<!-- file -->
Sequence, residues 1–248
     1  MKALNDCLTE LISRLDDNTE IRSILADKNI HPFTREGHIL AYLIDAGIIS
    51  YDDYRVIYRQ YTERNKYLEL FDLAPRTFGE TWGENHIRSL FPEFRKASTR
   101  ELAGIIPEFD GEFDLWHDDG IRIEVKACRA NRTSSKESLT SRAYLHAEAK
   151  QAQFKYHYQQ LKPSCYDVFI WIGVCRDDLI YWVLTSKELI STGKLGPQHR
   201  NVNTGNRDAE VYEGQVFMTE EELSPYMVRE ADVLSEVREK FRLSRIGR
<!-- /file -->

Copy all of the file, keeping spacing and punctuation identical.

Sequence, residues 1–248
     1  MKALNDCLTE LISRLDDNTE IRSILADKNI HPFTREGHIL AYLIDAGIIS
    51  YDDYRVIYRQ YTERNKYLEL FDLAPRTFGE TWGENHIRSL FPEFRKASTR
   101  ELAGIIPEFD GEFDLWHDDG IRIEVKACRA NRTSSKESLT SRAYLHAEAK
   151  QAQFKYHYQQ LKPSCYDVFI WIGVCRDDLI YWVLTSKELI STGKLGPQHR
   201  NVNTGNRDAE VYEGQVFMTE EELSPYMVRE ADVLSEVREK FRLSRIGR